Question: How does a horseman take off his mail hauberk while his horse is in motion?

Answer: First he must take his helmet off his head. Next he gathers up the two front hems and folds them together in a bunch. Next he suspends these from his sword or his saddle-bow. In the latter case they should be smoothed down across the saddle. Next he unfastens his belt and extracts the sword, if the first system is being used, and puts it back into its holder, then puts the belt across the front or rear of the saddle. Then he grasps the rear hem of the hauberk and holds it away from himself. With the helmet or mail coif or turban taken off his head, he pulls up the rear of the hauberk, leans his head forward, and draws the garment over his head.

Note: The word translated as 'holder' is normally used for a form of quiver. It might indicate a holder for the scabbard, or part of the scabbard hanging system, or an alternative place for keeping the sword, perhaps beneath the saddle-flap where a second 'saddle-sword' was sometimes carried.

Question: How does one put on the arm defenses when the sound of battle is near?

Answer: Start with the left one, and once this is put on do the same with the right, just as one puts on the leg defenses. Once both arm defenses are on, one is protected on both sides. The first concern is to stop the attacker from striking off a limb and the second to provide extra protection and cover for the face and head and even the rest of the body without the risk of losing a limb when, intentionally or not, one parries a blow with it.

Question: What shows that the owner of a jawshan has the mastery of its use and other such skills?

Answer: A man must dedicate himself to putting on his jawshan by himself, even if the sleeves and lower part are separate, until he can do this rapidly on his own.

Note: The flap-like sleeves of the jawshan (lamellar cuirass) hung from the shoulder but did not go fully around beneath the arm, nor did they cover the armpit. Instead they were normally secured by a strap around the arm above the elbow. The lower part of the jawshan, below the waist, normally consisted of two or more flaps, which protected the upper legs and buttocks like larger versions of the tassets and cullet, which formed part of 14th-century and later European armour.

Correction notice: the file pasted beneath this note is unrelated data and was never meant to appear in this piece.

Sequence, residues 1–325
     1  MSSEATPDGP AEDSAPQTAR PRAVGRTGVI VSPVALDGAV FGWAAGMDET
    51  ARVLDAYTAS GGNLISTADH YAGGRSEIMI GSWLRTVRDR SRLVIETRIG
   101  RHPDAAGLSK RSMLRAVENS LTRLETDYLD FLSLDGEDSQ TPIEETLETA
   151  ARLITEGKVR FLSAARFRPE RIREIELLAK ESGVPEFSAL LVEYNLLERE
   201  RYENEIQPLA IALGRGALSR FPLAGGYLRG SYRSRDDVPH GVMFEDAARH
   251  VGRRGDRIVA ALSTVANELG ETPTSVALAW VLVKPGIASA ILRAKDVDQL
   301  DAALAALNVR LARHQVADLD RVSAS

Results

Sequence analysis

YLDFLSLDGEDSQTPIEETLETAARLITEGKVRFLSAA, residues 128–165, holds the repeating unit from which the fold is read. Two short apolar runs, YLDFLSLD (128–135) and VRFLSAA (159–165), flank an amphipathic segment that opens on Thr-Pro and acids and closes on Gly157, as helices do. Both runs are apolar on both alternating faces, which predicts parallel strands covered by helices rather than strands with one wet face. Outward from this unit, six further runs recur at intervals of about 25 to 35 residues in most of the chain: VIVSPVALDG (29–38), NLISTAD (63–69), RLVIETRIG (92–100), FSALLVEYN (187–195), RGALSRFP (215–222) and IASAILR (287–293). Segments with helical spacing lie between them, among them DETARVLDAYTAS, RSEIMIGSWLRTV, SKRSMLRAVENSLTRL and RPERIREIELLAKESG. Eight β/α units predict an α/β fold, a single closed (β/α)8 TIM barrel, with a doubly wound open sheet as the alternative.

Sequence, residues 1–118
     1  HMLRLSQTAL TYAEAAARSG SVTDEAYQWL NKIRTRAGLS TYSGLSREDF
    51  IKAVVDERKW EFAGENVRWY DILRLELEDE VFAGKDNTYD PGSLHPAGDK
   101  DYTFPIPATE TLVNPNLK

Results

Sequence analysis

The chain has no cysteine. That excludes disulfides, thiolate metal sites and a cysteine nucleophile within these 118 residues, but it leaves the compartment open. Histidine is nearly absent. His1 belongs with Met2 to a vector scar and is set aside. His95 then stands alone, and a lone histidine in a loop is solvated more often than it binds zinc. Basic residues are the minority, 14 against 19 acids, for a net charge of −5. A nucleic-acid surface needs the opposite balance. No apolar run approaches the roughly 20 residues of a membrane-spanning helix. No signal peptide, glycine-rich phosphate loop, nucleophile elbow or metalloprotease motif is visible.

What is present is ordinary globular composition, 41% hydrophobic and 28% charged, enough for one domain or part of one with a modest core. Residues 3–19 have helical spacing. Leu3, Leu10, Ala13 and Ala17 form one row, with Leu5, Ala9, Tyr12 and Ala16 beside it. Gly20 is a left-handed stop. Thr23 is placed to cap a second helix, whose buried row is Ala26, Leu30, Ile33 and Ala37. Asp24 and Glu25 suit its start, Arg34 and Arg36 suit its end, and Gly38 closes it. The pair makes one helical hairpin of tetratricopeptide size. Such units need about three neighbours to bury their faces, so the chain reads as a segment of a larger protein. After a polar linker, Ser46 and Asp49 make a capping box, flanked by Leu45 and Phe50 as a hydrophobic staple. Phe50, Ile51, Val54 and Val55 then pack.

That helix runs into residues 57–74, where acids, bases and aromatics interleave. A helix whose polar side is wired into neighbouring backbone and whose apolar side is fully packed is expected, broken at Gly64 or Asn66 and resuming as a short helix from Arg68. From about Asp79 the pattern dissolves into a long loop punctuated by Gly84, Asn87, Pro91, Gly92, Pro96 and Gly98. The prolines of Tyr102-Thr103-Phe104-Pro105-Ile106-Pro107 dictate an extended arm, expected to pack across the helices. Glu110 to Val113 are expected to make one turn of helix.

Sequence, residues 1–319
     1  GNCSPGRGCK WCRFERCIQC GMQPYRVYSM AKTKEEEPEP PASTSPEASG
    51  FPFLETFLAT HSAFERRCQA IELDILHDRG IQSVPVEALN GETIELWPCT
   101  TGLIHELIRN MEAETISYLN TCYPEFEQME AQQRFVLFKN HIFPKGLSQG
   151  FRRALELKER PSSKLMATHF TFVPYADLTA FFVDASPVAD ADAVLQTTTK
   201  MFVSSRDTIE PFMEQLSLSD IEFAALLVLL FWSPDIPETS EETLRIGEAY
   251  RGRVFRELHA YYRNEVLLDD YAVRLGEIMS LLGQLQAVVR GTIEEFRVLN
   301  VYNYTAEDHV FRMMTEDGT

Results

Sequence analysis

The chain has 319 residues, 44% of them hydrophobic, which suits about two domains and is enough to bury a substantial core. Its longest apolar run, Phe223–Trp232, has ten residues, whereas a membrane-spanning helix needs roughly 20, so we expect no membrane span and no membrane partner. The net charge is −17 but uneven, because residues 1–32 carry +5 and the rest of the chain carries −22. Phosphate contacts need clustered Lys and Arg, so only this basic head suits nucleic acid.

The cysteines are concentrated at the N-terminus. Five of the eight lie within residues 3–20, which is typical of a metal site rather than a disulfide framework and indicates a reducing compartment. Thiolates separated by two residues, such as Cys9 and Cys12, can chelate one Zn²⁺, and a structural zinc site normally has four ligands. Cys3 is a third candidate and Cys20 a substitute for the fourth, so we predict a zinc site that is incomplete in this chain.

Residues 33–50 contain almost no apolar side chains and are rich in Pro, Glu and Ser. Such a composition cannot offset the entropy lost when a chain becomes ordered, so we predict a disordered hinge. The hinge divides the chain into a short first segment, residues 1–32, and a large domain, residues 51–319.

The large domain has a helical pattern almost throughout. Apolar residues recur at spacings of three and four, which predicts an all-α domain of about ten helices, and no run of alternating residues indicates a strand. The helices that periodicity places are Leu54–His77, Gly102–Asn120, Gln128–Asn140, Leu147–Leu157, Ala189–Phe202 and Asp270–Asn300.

Question: What else should the owner of a jawshan know about it?

Answer: He should know how the cuirass is made, and how it is laced together in case part of it is cut off; also how it hangs and how to stop it getting punctured.

Question: What shows that a man is not prepared?

Answer: First look at the leather of his saddle-strapping, next see if the silk cords of his jawshan are rotted or if the edges of his weapons are not sharpened. Finally, see if any part of his jawshan is torn with a hole in it or hanging loose.

Question: What shows that a man is accustomed to his his jawshan?

Answer: Every day he must train himself to dismount elegantly so that he does not break or damage it, and he must keep practising and improving this skill. If, during the winter, the cuirass gets wet or damp from rain, he must examine its leather straps and its connections carefully and wipe off any dampness or mud from its individual pieces and any wetness from its cords. If he fails to do this, the inside of it will rot and it will become out of shape. Such rotting shows negligence and carelessness.